Follow the directions included with the Monster Block Maker to prepare the template with double sided adhesive tape.  Watch the short video clip to see the steps where I made the quilt sandwich.  The double sided adhesive tape lasts for multiple blocks.  (hence my tape looks a wee bit messy, but it does keep the fabric secure).  Once the tape loses its stickiness just change the tape.

The next video shows the the outline being stitched.  This step secures the quilt sandwich.

Here’s the finished block.

Remove the block from the Monster Block Maker template.

Here’s a look at the finished trimmed block.

 


Additional Resources:

An Introduction to Floating Your Quilt Block

Single Needle Machines

Mult-Needle Machine 

 

 

 

Blue is the Winner!

Earlier this week, I tallied your votes on your favorite of three pillows. Here’s the rundown:

40 picked blue

22 selected pink

4 went for green

I agree, I think blue pillow is splendid.  I love the designs and the color.  Here’s how I made the layout in Inspiration’s Vintage Embroidery software.

Open a new file and click on the Vintage design icon (circled in purple above). Select the Abstract folder and the Abs_0024_Icon_ design.  Click Ok.  Copy, paste and mirror the design.

Select both designs, copy, paste and mirror vertically.Now, tweak the position of the designs to even the spacing.

Select the Vintage designs icon again to add the center design, ABS_0011_Icon_D.

Change the color to blue and move it to the center of the four designs. Select all four designs, right click and select Group from the drop down menu.

On the keyboard, select all (CTRL A), right click and select Align, Center.  

That’s it!  Now the real fun begins: the embroidery and the hunt for the perfect trim!

What’s Your Favorite?

Just a quick blog post today since I’m buried in new projects.  I’ve been working in Inspirations’ Vintage Embroidery Software and designed three different groupings.  One is supposed to be a pillow but I’m having trouble deciding which one.  I need your help but first, a little background on these on-trend stitches.

Vintage Embroidery software has hundreds of built-in designs that have been digitized to give an old world charm to your embroidery.  The designs require a mixture of 15 wt. polyester and 40 wt. polyester thread. This unique combo gives a high-end retail look to your stitches.  They’re so much fun to stitch because the designs are all low-stitch count designs in a minimum of colors so they stitch quick.  With my busy schedule, I’m always looking for fast and easy with big results.  Vintage fits that bill.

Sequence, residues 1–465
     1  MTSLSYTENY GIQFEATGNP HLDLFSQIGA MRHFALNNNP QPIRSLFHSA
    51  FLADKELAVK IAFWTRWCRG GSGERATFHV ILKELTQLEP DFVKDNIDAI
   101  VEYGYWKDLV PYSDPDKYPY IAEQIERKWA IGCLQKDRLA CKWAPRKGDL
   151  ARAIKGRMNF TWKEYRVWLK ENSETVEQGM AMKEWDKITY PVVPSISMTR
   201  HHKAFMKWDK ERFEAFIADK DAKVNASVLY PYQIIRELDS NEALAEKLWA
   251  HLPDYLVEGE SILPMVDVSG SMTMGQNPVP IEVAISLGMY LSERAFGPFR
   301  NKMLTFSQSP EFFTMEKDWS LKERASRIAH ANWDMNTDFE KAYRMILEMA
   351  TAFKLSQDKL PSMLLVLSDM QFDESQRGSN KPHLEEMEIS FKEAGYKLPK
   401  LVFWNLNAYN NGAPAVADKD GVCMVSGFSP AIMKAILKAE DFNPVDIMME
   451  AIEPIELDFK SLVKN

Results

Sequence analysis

Before I proceed any further on this project, I thought I’d ask you – my fellow expert embroiderers – what’s your favorite grouping?  Do you like the pink Vintage design Abs_0213_Ornamental_D?

 

The green Vintage design Abs_0259_Icon_D?

 

Or the blue Vintage design Abs_0024_Icon_D.?

 

Sometimes, I fall in love with all the samples and then, well, pillows become quilts. So help me stay on track and select one.  Your vote counts!

My Block Piecer Block of the Month: Block 9 – Around the Block Software Instructions

My Block Piecer
Block of the Month : Block 9 Around the Block
Software Instructions
By Nancy Stansbury

This ongoing Block of the Month series was designed to inspire you to learn new techniques using My Block Piecer.  As a reminder, the first Saturday of every month will feature the software lesson using My Block Piecer.  The following Wednesday will feature the sewing lesson.

  • You are free to adapt the block to a size of your preference.
  • A free trial of My Block Piecer is available if you’d like to try it before you buy it.  Note the “Save” feature is deactivated until the software is purchased.
  • Interested in learning more about My Block Piecer and other Inspirations Software?  Join us at an Inspirations Event.  Click the Events link for events near you.
  • If you’re late to the Block of the Month “party” have no fear!  Start with Block 9.

Let’s continue the journey of learning and creativity!


  1. Open MBP.
  2. Click on Create a New Design.
  3. If the units for the ruler on the design page show mm, Right Click on either one of the rulers on the Design Page, and Click on Inches.
  4. Right Click on either ruler again and click on Grid Settings.
    1. Check marks by:
      1. Maintain aspect ratio.
      2. Snap to grid.
    2. Set Horizontal spacing to 0.25.
    3. Click OK.
  5. Click on the Block Icon.

    1. Enter Around the Block #2 in the Find box at the bottom of the window (DO NOT CLICK THE ENTER KEY).
    2. Click on the Down green arrow.
    3. Click OK to place the block on the design page.
  6. In the Properties Window on the right side of the screen click on the Transform icon.
    1. Have Maintain aspect ratio checked.
    2. Change the Width to 6.
    3. Click Apply.
  7. Click on the Reorder icon.
    1. Click on each patch as numbered below. Do not need to number the lower row as it is identical to the first row and just rotated 180 degrees.
    2. Right Click to end the numbering. The numbers will disappear but the numbering is still there.
  8. Click on the Select icon and draw a box around the top row (patches 1 through 7).
  9. Click on the Workflow icon.

    1. Select a 200mm x 200 mm hoop or similar for your machine.
    2. Click the Auto Build button. The patches are in more than one unit, so the embroidery needs to be manually created.
    3. Right Click in the window on the right side (with the numbers) and Click Reset.
    4. Holding down the CTRL Key, Click on the 1 and 2.